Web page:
• Association of Matatu Operators chairman Jamal Ibrahim says the continued limitation of PSVs passenger capacity is hurting the industry.
• Matatu Owners Association Coast coordinator Salim Mbarak says they will not withdraw their services.
Matatu owners at the Coast have rejected calls for a nationwide strike starting Tuesday.
The strike has been called by Association of Matatu Operators chairman Jamal Ibrahim to protest the continued limitation of PSVs passenger capacity as part of Covid-19 containment measures.
Ibrahim on October 26 called on all PSVs to withdraw their services, saying the matatu industry has been neglected by the government and the capacity limit is punitive.
However, Matatu Owners Association Coast coordinator Salim Mbarak said operators in the region would not withdraw their vehicles from the road.
“Coast commuters should not worry. Matatus in the region will be operating as normal,” Mbarak told the Star on the phone Sunday.
He said that although the Covid-19 measures are hurting the industry, calling for a nationwide strike may be counterproductive.
“What we need is dialogue. We have to sit down with the government and express our reservations and concerns. All other industries are having restrictions eased, so why not the matatu industry?” Mbarak asked.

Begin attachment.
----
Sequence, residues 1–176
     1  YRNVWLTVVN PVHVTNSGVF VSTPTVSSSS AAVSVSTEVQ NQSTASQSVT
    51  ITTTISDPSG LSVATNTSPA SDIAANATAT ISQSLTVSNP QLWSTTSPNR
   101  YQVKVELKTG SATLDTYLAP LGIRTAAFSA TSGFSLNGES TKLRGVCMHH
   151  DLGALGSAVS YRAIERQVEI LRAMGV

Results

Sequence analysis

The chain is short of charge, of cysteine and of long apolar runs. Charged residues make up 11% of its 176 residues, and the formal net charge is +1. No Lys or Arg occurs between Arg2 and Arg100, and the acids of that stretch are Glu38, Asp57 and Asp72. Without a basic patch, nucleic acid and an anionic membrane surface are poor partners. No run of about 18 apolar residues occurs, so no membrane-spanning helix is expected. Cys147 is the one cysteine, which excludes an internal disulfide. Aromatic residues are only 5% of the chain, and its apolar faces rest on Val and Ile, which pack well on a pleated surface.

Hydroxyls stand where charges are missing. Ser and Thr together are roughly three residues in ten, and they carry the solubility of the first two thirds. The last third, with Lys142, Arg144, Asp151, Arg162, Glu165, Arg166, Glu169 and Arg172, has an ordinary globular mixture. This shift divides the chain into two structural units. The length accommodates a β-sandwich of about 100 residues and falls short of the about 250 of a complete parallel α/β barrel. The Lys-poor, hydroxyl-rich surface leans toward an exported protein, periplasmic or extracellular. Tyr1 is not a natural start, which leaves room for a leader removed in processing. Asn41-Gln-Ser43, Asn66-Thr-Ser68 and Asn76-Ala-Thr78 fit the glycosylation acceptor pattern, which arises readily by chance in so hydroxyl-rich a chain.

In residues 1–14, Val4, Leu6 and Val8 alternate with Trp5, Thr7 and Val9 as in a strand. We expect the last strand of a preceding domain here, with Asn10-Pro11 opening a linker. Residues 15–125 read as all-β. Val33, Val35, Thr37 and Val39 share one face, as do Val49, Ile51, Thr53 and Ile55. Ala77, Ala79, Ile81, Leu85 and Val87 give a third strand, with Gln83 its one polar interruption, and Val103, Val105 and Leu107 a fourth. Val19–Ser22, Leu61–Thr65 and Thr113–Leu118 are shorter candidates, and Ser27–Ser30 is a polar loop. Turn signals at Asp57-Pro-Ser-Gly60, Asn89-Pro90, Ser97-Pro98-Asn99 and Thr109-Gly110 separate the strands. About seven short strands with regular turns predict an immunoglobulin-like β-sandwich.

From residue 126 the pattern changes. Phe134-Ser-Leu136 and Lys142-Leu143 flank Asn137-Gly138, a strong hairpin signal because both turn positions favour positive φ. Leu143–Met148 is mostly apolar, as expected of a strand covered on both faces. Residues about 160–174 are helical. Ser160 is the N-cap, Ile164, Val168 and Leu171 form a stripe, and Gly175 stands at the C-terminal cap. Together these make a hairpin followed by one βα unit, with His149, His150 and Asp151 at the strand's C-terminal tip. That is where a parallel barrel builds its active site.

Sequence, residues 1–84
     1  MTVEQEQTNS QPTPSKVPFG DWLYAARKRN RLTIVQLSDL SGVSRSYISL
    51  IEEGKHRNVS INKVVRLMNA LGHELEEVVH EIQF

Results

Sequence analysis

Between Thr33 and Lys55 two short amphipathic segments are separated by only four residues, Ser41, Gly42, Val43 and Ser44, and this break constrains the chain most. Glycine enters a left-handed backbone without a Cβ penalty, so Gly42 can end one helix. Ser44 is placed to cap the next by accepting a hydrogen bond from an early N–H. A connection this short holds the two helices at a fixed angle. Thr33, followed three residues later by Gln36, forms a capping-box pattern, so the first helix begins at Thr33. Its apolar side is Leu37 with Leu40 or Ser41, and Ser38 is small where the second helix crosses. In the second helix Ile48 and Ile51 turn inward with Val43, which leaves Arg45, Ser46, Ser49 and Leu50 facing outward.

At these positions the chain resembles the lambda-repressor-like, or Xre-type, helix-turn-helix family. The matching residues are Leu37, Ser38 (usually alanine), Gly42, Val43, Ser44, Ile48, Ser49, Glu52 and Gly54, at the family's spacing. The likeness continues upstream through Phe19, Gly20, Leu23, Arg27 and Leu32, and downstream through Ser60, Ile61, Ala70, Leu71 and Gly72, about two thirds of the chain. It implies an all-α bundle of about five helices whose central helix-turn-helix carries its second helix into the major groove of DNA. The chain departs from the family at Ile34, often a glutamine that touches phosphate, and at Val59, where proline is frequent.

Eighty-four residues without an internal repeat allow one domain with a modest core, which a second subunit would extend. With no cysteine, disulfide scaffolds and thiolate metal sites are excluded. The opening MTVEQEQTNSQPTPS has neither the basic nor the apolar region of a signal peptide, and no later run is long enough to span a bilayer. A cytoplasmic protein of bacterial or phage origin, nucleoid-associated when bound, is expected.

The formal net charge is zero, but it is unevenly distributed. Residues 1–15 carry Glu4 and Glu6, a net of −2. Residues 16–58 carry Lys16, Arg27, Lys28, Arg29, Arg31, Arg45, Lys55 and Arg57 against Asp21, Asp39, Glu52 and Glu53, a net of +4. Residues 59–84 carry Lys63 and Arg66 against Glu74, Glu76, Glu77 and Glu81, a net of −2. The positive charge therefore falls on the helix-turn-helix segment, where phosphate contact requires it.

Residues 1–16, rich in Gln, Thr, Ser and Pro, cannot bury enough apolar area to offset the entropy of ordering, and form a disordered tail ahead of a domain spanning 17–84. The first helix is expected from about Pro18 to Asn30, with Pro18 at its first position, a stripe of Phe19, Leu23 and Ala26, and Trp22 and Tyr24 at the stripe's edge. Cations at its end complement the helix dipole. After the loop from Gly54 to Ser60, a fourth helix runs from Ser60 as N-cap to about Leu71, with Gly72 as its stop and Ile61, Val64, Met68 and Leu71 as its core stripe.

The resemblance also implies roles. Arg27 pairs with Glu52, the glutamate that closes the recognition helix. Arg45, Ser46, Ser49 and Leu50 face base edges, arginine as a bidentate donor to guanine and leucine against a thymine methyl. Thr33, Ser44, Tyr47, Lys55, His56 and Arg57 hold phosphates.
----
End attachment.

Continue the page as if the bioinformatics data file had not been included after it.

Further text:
He said planes are now allowed to carry at full capacity while the metre gauge railway between Syokimau and the CBD is allowed to carry at maximum capacity.
Mbarak said ferries at the Likoni crossing channel have returned to the old normal, with no social distancing and no wearing of masks. The Kenya Ferry Services has denied the claim.
KFS human resource manager Thomas Tuva, who is holding the brief for managing director Bakarki Goa, said the service is strictly implementing the Covid-19 protocols, especially with the second wave of the virus hitting the country.
“We have enhanced our directives and there is no one who is allowed into the ferry without wearing a mask. Our ferries are marked indicating where commuters should stand,” Tuva said during the Safety Week.
In March, as part of an effort to curb the spread of Covid-19, the government directed 14-seater matatus to carry a maximum of eight passengers, 25-seaters to carry 15, buses whose sitting capacity is 30 and above to have 60 per cent sitting capacity.